Travel Nurses on the COVID-19 Front Lines: Channing’s Story
TravelNursing.org is exploring the stories of travel nurses working on the COVID-19 front lines — travel nurses across the country are serving important roles in this pandemic fight, helping overcrowded hospitals and stepping in when exhausted staff succumb to their own exposure. Their stories are important and it’s an honor to highlight them.
This week’s story comes from 26-year-old Channing Scott, BSN, RN, an intensive care travel nurse originally from North Carolina, now working in Washington, D.C. after accepting an extension of her assignment due to COVID-19. Scott shares her experience working as a travel nurse, her fears of being treated as “expendable,” and the challenges of being immunocompromised with type 1 diabetes.
What precautions are in place at your facility?
“We have to get our temperature checked twice a shift. PPE is slowly becoming more available. However, it seems like we get an abundance of one thing and then nothing of the other. One day we may have masks and no hair nets or shoe covers and no sanitizing wipes.
“It honestly depends on the day. We are reusing mask and face shields—some nurses are actually making their own.”
How has COVID impacted your work?
“Day-to-day work procedures haven’t changed much. Everyone at work is on edge though. As an ICU nurse, I haven’t had to float. Many co-workers have been calling out of work, leaving us short-staffed, and nurses are having to share patients.
“Normally, each nurse has two patients. Some nights we may have three or four and share them between another nurse. Essentially. we are going in and out of the rooms a minimum of 5 times and in all actuality, it ends up being way more.”
What happens when you get home?
“When I get home I really have to decompress. We’re working in a difficult time right now — we are trying to save people’s lives, take care of ourselves, and to be there for people’s family members via phone because they are not allowed in the hospital, along with worrying about our own family members.
It is draining in all aspects. I live alone, so self-isolating has been easy. Face Timing friends and family is the new norm.”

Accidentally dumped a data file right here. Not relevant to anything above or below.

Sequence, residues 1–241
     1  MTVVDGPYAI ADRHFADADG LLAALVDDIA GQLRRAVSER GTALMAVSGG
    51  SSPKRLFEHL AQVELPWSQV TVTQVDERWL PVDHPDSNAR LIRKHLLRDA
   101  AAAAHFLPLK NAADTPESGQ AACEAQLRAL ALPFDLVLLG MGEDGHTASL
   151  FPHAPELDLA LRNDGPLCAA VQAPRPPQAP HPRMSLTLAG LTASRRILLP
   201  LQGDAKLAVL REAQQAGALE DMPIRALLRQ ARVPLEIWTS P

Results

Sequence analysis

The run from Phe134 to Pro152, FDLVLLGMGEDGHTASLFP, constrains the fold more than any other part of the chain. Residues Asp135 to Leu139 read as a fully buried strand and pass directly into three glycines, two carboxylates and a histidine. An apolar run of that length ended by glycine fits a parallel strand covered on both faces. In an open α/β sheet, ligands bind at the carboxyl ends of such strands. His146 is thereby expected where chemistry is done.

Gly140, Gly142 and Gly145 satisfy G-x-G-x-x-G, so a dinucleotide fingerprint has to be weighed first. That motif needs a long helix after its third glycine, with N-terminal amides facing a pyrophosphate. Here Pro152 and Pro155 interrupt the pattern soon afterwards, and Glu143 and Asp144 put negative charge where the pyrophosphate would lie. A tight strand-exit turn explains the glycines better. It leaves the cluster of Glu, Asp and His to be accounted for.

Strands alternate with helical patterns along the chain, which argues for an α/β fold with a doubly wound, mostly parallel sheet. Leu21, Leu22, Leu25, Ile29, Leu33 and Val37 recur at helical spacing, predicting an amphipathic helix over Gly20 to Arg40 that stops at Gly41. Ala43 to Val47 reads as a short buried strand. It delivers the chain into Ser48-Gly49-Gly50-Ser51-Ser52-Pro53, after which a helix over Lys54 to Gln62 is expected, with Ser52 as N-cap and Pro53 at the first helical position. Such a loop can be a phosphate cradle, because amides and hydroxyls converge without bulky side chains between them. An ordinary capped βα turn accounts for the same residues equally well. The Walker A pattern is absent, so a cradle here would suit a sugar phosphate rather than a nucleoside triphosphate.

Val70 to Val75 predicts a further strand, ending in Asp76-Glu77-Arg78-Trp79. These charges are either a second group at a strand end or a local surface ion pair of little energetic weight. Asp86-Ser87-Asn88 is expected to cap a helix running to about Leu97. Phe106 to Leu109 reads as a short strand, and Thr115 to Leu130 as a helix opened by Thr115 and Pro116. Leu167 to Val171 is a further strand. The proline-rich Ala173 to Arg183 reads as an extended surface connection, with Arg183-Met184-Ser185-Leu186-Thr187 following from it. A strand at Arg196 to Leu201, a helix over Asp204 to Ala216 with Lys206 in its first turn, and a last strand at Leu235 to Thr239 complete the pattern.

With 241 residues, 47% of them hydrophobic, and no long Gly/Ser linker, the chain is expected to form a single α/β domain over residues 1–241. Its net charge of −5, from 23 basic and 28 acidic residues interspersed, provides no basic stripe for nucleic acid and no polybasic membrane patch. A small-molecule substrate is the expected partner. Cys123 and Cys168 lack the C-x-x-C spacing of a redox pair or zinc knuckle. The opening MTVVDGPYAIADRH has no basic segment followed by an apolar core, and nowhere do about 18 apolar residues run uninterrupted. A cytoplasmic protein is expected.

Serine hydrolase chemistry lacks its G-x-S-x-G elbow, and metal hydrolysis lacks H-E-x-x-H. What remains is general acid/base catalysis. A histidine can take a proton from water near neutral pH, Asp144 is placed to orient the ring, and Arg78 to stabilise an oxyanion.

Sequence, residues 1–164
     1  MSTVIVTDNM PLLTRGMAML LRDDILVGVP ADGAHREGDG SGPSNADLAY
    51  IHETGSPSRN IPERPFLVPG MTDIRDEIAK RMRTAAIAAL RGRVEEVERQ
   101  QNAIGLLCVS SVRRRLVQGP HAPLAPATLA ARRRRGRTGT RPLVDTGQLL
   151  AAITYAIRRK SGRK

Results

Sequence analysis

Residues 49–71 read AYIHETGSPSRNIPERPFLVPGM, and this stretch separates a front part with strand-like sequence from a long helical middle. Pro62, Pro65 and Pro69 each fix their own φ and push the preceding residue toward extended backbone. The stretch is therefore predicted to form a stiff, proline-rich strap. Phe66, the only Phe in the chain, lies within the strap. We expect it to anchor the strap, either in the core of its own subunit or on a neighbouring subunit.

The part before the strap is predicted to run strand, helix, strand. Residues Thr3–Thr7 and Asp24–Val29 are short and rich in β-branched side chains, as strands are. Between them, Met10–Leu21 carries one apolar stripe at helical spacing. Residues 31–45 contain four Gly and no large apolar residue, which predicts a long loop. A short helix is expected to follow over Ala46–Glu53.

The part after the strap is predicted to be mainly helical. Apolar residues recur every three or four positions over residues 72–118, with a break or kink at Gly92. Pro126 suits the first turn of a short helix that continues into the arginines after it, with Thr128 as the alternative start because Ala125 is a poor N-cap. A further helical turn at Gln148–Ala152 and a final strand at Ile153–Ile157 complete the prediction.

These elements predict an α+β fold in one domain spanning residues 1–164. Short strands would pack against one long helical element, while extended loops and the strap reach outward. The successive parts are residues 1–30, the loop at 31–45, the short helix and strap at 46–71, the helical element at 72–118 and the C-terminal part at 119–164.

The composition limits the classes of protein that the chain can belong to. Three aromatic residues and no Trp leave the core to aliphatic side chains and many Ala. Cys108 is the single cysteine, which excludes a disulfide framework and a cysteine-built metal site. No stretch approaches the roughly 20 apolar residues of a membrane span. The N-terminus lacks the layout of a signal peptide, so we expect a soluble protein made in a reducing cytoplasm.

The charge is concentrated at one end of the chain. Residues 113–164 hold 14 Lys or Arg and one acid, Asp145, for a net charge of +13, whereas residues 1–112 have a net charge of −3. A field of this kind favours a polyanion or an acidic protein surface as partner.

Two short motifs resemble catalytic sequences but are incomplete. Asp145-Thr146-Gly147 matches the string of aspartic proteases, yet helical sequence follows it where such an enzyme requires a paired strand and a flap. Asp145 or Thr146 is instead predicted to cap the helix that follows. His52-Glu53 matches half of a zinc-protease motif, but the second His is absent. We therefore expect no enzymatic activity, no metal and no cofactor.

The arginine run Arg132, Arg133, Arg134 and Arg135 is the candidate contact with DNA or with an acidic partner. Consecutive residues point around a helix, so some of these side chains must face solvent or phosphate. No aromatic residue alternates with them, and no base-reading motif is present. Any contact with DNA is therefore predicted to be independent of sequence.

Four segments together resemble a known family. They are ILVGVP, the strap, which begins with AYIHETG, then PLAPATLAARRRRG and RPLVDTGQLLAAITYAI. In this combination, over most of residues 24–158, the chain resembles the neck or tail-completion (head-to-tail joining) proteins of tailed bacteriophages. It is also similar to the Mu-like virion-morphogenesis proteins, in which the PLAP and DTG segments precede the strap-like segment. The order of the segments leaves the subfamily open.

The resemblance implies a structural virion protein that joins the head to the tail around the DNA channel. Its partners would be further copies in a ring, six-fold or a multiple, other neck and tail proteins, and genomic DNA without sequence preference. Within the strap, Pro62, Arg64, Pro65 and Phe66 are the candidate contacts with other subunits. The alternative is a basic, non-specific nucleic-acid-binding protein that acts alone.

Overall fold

What has been the hardest part about working as a travel nurse during this pandemic?
“Feeling like what you have to say doesn’t matter and feeling expendable because you aren’t there for the long term.”
What has surprised you the most about working as a nurse during this time in history?
“The lack of support and realizing that societal perception of nurses by the general public is not entirely correct. For example, a lot of people don’t realize that we are constantly with the patients, more than any other healthcare professionals, so the inability to not have access to PPE is devastating to our profession and the care we can give to our patients.
You wouldn’t ask a firefighter to go into a fire without proper gear, so why should we?
What kind of fears and feelings do you have currently about working as a travel nurse during a pandemic?
“Since the start of the coronavirus pandemic, I have feared how fast this would spread and how I would be able to protect myself when it came to the facility that I am working at.
“I am a type 1 diabetic and have taken measures to be extra careful and cautious to protect myself as well as others. I’m fearful for my patients mostly due to the lack of knowledge that surrounds the coronavirus. Every day, it feels like we learn something new. The lack of communication and lack of transparency in managing these patients has definitely been frustrating in regard to the patient’s plan of care.”
How you are taking care of yourself?
“In terms of taking care of myself, it is completely from the care that I am giving my patients. I feel now more than ever that I am more focused on patient care during my shift as opposed to what is going to happen after work — just really taking it day-by-day, hour-by-hour.
Mentally, I try to escape from work when I’m not there, which is difficult because, with media and my network of friends, it seems to follow me everywhere. In order to keep my mind sharp, I’ve been journaling at least once a day, listening to soothing music, and cooking new recipes.
Physically, I have been trying to work out the best I can and eat healthy. Emotionally, I feel grateful for the support I have from friends, co-workers, and family. They have been so great throughout this difficult time.”
What advice would you give any travel nurse thinking about taking a COVID assignment?
“Do your research and understand what you are getting yourself into. Try to take an assignment where you know someone or are semi-familiar with the facility and area. Money is not the most important thing.”